At the start of the week, we arrived at the archive and were given just a name; P W Hubbard. After a brief introductory session to the archive itself, which included handling sensitive archive material and accessing the online listings, we got to work.
We started our project by entering his name into a plethora of search engines ranging from the national archives to findmypast.co.uk. The discovery of his full name, Percy William Hubbard, and family names were vital to our project as they allowed us to link primary and secondary sources.
We had to establish certain details to ensure that the group were researching the same individual. An example of a difficulty we faced in this is prevalent in the discovery of a second P W Hubbard, who also served with the Fusiliers, but died a year later than the man in question.
We utilised the Fusilier Museum’s ‘Modes’, to locate any primary material with contextual knowledge of P W Hubbard. The discovery of letters, photographs and medals helped to increase our intrigue into the life of this soldier. The kind words written about Hubbard to his family, concerning his religious belief, “sunny nature and cheery disposition’, reminded us of the personal elements of the story and the truly tragic consequences of the First World War.
A key area we developed our knowledge in was the structure of ranking in the army, and the knowledge of the medals that were awarded. We faced some confusion surrounding his rank, as it was not explicitly clear from our sources, where he served, in which division and at which position he filled at certain dates. This was resolved through extensive research of the army listings, his medal cards online and through the generous help of the current Lancashire Fusiliers. We learnt, through the ‘Modes’ program, that Hubbard received four medals for his time in the War, the: 1914/ 1915 star, Allied victory medal, British War Medal and Military Medal. The medals do not depict any exemplary action on Hubbard’s behalf, as they are viewed as the general medals which were awarded to soldiers, but they do commend him for fighting in the war.
Hubbard was born in Lambeth in 1880 to Loretta and William Hubbard. He had 6 siblings, one of whom died young. We discovered a census from 1911, which decrees that Percy was a bank clerk of Westminster bank, and as a result we can assume he was conscripted to fight in the war, an idea which is further supported by his late age of 37 upon his death. Hubbard was clearly respected by his fellow soldiers and commanding officers as there was a great amount of respect evident in the writings of these men in the letters to his family with news of his demise. Such is displayed in the letter from Lieutenant Col. A. Stone to Hubbard’s sister which wrote, “His loss is one which both the company and the Battalion will feel severely.” There was also some evidence to suggest that his personality provided an occasion for which he could be used as a morale booster. In the same letter it is mentioned that, “his sterling qualities (inspired) confidence and affection in both his brother officers and the men”.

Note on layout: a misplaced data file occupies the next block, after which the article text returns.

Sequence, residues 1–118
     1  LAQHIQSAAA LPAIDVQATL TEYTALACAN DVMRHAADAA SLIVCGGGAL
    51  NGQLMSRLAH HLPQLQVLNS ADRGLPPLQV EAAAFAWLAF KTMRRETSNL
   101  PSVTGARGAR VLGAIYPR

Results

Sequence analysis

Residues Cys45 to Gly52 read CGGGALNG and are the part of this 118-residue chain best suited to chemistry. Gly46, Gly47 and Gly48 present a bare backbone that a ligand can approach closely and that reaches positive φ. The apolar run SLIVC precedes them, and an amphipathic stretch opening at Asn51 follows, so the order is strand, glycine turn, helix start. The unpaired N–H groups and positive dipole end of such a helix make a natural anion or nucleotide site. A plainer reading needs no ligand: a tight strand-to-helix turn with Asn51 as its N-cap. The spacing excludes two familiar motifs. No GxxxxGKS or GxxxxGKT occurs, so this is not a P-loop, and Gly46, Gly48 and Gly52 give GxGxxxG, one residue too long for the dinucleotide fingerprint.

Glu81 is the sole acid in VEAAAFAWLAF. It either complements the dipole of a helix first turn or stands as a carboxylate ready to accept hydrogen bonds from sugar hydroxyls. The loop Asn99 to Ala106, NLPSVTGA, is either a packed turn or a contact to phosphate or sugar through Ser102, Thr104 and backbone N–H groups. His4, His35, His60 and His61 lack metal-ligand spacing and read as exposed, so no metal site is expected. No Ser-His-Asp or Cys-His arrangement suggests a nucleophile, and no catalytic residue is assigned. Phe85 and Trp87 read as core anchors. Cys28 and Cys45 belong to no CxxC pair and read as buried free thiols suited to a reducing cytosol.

Religion formed a great part of his identity. He was connected with St John’s Parish in Clapham and is remembered in letters as often praying at the altar at Sunday service.
Sources also suggest he was very athletic, the CWGC website mentions that he was Captain of Cricket and Rugby at Westminster Bank, and whilst serving in the 7th Royal Fusiliers in 1914, he won a heavy-weight boxing championship. This suggests his character was competitive and athletic.
We postulate that Percy Hubbard was conscripted into the army around 1915, due to the knowledge of his occupation as a bank clerk and his relatively late age of 37 upon his death. In examining his medal card, we received the knowledge that he served in the Royal Fusiliers as a corporal, then later a lance sergeant, and further on, as a second lieutenant in the Lancashire Fusiliers. He arrived in France on March 6th 1915, as shown on his medal card, and yet returned to the United Kingdom for officer training two years later. His position changed rapidly between 1917 and 1918, shown by his entry into the 9th Lancashire Fusiliiers from the 3rd in October 1917, and a transferral to the 16th in March 1918. We believe he stayed in the 16th up to his death in 1918, attributed to, we presume, the fighting in the Somme at this time. His death, caused by a shell bombing on June 6th is commemorated by a grave at ‘Cabaret-rouge British cemetery, Souchez’, France.
This week at the Fusilier Museum has been extremely enlightening and beneficial in heightening our appreciation of British History. Our interest in the Great Wars and the army have been significantly deepened, especially that of the role of the Royal Fusiliers. We have been extremely lucky to study primary sources from the archives of the Museum and to work in the Tower of London, a place of much historical significance and beauty. We all would also like to offer a special thanks to the Fusilier Museum for offering the work experience placement to us, in particular to Stephanie Killingbeck.